Russia and Belarus began military exercises that will practice measures to counter Western-backed political change in Russia’s satellite states, the Post reported on Thursday. In the war game, Russian and Belarusian forces will confronted imagined states that seek to overthrow the regime in Belarus through political protests and sabotage. Russia attempted to reassure Western nations by saying that the exercises are defensive in nature. Western observers have noted that although the official Russia figure for the size of the exercise is 12,700 troops, up to 100,000 could be involved. Government officials in the Baltic states said the exercises were a rehearsal for sealing off their countries and prevent NATO reinforcement in event of a conflict between Russia and NATO.
A coordinated bombing and shooting in Nasiriyah, Iraq killed more than 80 people in an attack against Shiite pilgrims, the Post reported on Thursday. Gunmen fired on patrons at a restaurant while a car bomb exploded at a nearby police checkpoint along the road to Shiite shrines in Karbala and Najaf. Pilgrims often stop at the restaurant for lunch. The Islamic State claimed responsibility for the attack. This type of violence is rare in the south of Iraq, where mostly Shiite populations have been shielded from the violence in the Sunni areas of the country.
Kaspersky Lab’s co-founder will testify before Congress to defend his company against allegations of ties with Russian intelligence, Reuters reported on Thursday. Eugene Kaspersky accepted an invitation from the House Space, Science, and Technology Committee to address accusations that his company has links to the Russian government and that its anti-virus products may be compromised by Russian intelligence. The Trump administration told U.S. government agencies on Wednesday to stop using Kaspersky Lab products in their networks. Eugene Kaspersky said he was willing to do whatever it takes to address the concerns but added that he required an expedited visa to appear in time to testify.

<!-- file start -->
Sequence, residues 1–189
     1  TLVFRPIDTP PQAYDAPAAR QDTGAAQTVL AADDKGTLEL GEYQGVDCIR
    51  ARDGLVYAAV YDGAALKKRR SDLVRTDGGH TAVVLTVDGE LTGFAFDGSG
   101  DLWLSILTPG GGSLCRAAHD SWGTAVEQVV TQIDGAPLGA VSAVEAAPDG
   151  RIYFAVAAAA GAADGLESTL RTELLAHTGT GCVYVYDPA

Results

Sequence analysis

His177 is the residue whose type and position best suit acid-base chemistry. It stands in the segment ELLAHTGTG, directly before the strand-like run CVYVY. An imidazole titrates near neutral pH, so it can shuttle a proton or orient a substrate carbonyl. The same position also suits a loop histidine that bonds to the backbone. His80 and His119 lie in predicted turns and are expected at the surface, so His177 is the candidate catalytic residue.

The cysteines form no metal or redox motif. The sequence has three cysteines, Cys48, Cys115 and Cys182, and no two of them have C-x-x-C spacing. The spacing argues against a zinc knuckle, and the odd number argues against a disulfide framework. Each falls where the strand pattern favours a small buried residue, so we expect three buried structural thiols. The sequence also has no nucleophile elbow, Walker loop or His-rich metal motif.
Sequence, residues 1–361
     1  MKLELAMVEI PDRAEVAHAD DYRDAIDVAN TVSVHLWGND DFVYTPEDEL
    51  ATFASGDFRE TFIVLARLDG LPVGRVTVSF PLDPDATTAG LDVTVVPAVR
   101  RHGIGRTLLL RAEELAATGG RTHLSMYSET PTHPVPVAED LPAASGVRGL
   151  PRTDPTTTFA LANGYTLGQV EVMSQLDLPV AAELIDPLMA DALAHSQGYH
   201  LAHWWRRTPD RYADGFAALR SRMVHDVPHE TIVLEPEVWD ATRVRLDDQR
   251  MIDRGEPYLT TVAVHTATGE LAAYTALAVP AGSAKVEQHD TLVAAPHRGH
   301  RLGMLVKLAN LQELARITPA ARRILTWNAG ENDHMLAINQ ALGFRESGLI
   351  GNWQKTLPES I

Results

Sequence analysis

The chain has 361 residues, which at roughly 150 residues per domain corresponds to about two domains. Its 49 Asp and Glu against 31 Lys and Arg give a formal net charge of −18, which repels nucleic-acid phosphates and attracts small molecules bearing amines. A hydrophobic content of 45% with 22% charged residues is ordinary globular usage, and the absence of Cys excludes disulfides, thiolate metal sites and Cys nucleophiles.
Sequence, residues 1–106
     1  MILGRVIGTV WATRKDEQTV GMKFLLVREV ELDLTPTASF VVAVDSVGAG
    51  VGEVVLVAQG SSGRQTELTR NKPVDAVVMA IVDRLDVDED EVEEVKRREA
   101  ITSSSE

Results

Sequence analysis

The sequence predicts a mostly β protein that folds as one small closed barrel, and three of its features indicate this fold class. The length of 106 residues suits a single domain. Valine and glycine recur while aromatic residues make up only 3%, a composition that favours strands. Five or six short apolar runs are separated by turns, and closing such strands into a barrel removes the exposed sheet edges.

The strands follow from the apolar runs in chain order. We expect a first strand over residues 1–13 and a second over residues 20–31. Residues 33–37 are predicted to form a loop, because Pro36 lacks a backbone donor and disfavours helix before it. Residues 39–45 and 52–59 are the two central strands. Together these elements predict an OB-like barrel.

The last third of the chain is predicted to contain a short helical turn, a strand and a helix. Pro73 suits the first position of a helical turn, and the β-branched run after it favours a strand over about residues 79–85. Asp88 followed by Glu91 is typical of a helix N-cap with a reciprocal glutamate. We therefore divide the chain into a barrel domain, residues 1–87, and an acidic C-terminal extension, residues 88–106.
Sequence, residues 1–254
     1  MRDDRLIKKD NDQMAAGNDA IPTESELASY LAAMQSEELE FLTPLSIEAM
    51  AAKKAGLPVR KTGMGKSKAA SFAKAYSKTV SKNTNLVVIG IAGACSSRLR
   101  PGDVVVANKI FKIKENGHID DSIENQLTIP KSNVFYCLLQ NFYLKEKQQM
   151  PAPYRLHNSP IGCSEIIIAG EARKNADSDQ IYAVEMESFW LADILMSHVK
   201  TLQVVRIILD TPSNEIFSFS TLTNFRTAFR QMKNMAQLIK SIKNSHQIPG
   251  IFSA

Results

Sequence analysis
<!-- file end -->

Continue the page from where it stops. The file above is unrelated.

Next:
ICYMI: Yesterday, on Lawfare
Bob Bauer argued that impeachment may be more acceptable today than in the past because of the context of our rapidly evolving political system.
Jack Goldsmith analyzed the process of creating a legal justification supporting military strikes against North Korea.
Benjamin Wittes posted this week’s Rational Security, the “Boris and Natasha Buy a Facebook Ad” Edition
Wittes described his lawsuit against the FBI for release of communications to FBI employees about the firing of Director James Comey.
David Hoffman and Riccardo Masucci urged the Trump administration to fill the three empty slots on the Privacy and Civil Liberties Oversight Board.
Email the Roundup Team noteworthy law and security-related articles to include, and follow us on Twitter and Facebook for additional commentary on these issues. Sign up to receive Lawfare in your inbox. Visit our Events Calendar to learn about upcoming national security events, and check out relevant job openings on our Job Board.